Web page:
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Shock Corridor (Criteron Collection)


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Shock Corridor (Criteron Collection) + The Naked Kiss (The Criterion Collection) + Pickup on South Street (The Criterion Collection)
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Product Details

  • Actors: Peter Breck, Constance Towers, Gene Evans, James Best, Hari Rhodes
  • Directors: Samuel Fuller
  • Format: Multiple Formats, Black & White, Color, NTSC, Special Edition, Widescreen
  • Language: English
  • Region: Region 1 (U.S. and Canada only. Read more about DVD formats.)
  • Aspect Ratio: 1.77:1
  • Number of discs: 1
  • Rated: Unrated
  • Studio: Criterion Collection
  • DVD Release Date: January 18, 2011
  • Run Time: 101 minutes
  • Average Customer Review: 4.0 out of 5 stars  See all reviews (4 customer reviews)
  • ASIN: B0047P5FU4
  • Amazon Best Sellers Rank: #222,065 in Movies & TV (See Top 100 in Movies & TV)

Special Features

  • New, restored high-definition digital transfer
  • New video interview with star Constance Towers
  • Excerpts from The Typewriter, the Rifle and the Movie Camera-a 1996 documentary
  • Original theatrical trailer
  • PLUS: Illustrations by cartoonist Daniel Clowes (Eightball, Ghost World)

  • Editorial Reviews

    In Shock Corridor, the great American writer-director-producer Samuel Fuller (The Naked Kiss, The Big Red One) masterfully charts the uneasy terrain between sanity and dementia. Seeking a Pulitzer Prize, reporter Johnny Barrett (Peter Breck) has himself committed to a mental hospital to investigate a murder. As he closes in on the killer, madness closes in on him. Constance Towers (The Naked Kiss) costars as Johnny’s coolheaded stripper girlfriend. With its startling commentary on race in sixties America and daring photography by Stanley Cortez (The Night of the Hunter), Shock Corridor is now recognized for its far-reaching influence.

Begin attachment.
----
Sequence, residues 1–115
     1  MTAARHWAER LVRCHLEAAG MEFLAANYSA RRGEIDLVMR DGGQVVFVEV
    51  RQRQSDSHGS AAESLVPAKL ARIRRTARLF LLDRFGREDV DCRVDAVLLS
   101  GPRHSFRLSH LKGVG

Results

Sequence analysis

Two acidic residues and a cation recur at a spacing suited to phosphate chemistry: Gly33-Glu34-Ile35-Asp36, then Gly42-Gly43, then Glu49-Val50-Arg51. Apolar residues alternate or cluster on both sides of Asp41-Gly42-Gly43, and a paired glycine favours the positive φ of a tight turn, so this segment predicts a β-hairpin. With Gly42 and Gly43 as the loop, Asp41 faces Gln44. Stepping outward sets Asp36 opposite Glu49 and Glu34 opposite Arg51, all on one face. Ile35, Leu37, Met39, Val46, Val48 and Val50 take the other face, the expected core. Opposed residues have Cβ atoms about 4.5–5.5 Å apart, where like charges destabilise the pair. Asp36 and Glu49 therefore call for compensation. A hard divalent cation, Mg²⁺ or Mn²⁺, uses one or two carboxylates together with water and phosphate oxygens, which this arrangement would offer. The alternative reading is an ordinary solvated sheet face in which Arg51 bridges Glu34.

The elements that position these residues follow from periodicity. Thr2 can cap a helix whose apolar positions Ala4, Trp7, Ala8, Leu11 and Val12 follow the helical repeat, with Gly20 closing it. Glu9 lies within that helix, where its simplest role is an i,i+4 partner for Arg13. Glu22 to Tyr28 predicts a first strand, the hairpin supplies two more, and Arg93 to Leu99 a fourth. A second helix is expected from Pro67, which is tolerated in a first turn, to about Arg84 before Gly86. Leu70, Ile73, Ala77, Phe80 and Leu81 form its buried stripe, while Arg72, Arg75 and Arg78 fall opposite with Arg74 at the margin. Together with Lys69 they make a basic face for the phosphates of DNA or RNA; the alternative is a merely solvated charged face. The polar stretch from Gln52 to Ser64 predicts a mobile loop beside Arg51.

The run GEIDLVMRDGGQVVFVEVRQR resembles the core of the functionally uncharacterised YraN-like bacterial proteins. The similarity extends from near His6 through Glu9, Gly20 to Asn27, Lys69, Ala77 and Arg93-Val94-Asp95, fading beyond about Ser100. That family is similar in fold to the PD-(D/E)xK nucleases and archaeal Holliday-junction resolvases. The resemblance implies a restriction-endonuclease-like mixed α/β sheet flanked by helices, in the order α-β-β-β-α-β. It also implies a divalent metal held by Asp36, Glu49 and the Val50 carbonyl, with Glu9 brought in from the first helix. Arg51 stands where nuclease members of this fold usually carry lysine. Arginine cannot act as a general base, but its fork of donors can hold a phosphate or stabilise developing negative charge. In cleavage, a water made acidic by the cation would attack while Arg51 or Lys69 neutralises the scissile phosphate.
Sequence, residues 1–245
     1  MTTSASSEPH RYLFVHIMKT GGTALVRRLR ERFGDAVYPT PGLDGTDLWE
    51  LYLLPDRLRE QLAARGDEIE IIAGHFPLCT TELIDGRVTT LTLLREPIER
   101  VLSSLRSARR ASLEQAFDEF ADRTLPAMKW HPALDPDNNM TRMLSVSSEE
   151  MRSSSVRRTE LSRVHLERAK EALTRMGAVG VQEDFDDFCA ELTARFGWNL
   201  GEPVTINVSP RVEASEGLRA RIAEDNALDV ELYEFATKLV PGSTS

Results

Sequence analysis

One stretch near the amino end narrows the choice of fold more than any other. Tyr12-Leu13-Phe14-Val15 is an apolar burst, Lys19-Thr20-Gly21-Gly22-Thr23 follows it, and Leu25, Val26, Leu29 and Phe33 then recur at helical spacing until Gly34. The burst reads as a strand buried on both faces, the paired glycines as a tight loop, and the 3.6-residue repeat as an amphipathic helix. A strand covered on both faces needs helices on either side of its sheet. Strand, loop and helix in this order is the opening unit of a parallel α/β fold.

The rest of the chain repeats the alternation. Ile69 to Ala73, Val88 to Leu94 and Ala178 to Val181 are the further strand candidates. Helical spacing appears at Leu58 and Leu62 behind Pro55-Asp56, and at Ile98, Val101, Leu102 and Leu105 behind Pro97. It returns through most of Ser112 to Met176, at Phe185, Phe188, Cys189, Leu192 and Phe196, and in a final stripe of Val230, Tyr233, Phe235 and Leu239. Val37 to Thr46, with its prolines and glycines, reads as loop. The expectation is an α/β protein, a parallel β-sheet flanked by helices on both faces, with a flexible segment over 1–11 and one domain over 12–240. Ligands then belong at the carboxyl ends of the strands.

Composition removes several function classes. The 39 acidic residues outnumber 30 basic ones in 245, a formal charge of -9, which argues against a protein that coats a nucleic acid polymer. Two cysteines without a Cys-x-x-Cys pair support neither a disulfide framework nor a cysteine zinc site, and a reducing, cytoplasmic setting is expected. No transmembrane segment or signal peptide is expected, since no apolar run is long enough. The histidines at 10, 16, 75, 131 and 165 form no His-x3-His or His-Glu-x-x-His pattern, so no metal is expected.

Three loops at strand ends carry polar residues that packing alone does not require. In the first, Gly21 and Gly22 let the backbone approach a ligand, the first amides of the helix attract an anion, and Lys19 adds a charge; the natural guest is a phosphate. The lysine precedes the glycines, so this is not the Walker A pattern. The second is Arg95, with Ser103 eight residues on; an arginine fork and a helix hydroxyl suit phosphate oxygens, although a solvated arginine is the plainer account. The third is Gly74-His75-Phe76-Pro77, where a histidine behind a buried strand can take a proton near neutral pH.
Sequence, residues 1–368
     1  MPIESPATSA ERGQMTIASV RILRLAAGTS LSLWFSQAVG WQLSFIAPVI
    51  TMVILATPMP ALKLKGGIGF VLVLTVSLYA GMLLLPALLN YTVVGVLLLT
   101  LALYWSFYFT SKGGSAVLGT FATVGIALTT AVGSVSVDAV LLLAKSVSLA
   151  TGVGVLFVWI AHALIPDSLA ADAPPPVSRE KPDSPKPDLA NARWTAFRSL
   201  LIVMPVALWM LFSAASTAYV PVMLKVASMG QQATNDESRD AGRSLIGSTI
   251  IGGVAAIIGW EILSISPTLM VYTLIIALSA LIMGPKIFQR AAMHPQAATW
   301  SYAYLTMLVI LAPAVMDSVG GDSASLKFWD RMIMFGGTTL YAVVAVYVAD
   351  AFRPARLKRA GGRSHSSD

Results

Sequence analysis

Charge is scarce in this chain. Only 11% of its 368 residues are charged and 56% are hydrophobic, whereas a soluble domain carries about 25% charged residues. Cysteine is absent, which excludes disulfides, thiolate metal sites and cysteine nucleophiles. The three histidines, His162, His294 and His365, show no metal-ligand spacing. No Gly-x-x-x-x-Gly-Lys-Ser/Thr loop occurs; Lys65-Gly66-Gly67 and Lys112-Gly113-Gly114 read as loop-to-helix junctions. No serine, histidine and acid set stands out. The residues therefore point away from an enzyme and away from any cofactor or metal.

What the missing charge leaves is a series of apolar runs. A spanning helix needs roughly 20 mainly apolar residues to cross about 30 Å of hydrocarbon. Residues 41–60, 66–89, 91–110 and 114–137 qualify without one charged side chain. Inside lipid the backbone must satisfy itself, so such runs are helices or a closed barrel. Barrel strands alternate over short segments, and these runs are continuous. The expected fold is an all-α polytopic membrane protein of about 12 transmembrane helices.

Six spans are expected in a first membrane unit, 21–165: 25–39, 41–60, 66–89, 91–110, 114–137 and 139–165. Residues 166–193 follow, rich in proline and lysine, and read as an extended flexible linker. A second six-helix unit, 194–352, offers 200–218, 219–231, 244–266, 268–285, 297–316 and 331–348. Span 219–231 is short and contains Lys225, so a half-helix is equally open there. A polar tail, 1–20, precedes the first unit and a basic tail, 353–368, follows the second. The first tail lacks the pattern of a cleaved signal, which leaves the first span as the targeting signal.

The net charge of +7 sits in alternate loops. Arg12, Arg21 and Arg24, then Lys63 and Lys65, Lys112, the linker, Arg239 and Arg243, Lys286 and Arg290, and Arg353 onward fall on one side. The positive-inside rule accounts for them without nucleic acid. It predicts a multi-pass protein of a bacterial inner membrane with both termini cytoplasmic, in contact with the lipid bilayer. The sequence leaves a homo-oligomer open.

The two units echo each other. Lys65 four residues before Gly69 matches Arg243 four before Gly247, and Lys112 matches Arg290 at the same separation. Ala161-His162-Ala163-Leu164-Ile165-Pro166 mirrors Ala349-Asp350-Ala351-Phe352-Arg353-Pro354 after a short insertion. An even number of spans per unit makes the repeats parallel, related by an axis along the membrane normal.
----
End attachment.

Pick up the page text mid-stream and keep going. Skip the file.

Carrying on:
Customer Reviews

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    Most Helpful Customer Reviews

    3 of 4 people found the following review helpful By Joshua Miller VINE VOICE on January 20, 2011
    Verified Purchase
    I am familiar with who Samuel Fuller is but I'm not familiar with his films. This is only the second film I've seen by the man, having been intrigued by this film since hearing that it heavily influenced Martin Scorsese's Shutter Island. Now that Criterion has remastered and reissued the film, I felt it was time to give it a try. There doesn't seem to be a general consensus about this film; most people agree that it's good, but no one can decide if it's a campy B-movie, a socially conscious film noir, a hard-boiled pulp movie, or some combination of those. Watching Shock Corridor, a film that was released in 1963 I was struck by how ahead of its time it was.

    The film both begins and ends with the following quote:
    "Whom God wishes to destroy
    He first makes mad"
    -Euripides, 425 B.C.

    Johnny Barrett (Peter Breck) is a reporter for the Daily Globe who believes he can win the Pulitzer Prize by being committed to an insane asylum to solve a murder. His girlfriend Cathy (Constance Towers), a stripper, will pose as his sister and accuse him of "attempted incest." Cathy is opposed to the idea of having Johnny committed fearing the effects Johnny's stay will have on his psyche, but she's assured that everything will be fine. Johnny's act is convincing and he's committed to the asylum and housed in Ward B. The asylum is filled with some interesting patients (one male patient claims to be 5 months pregnant), not caricatures but not deeply rooted in reality either. Johnny finds a way of speaking with the patients that makes them return to sanity for a few moments, which is when Johnny can question them to get closer to the truth about the murder.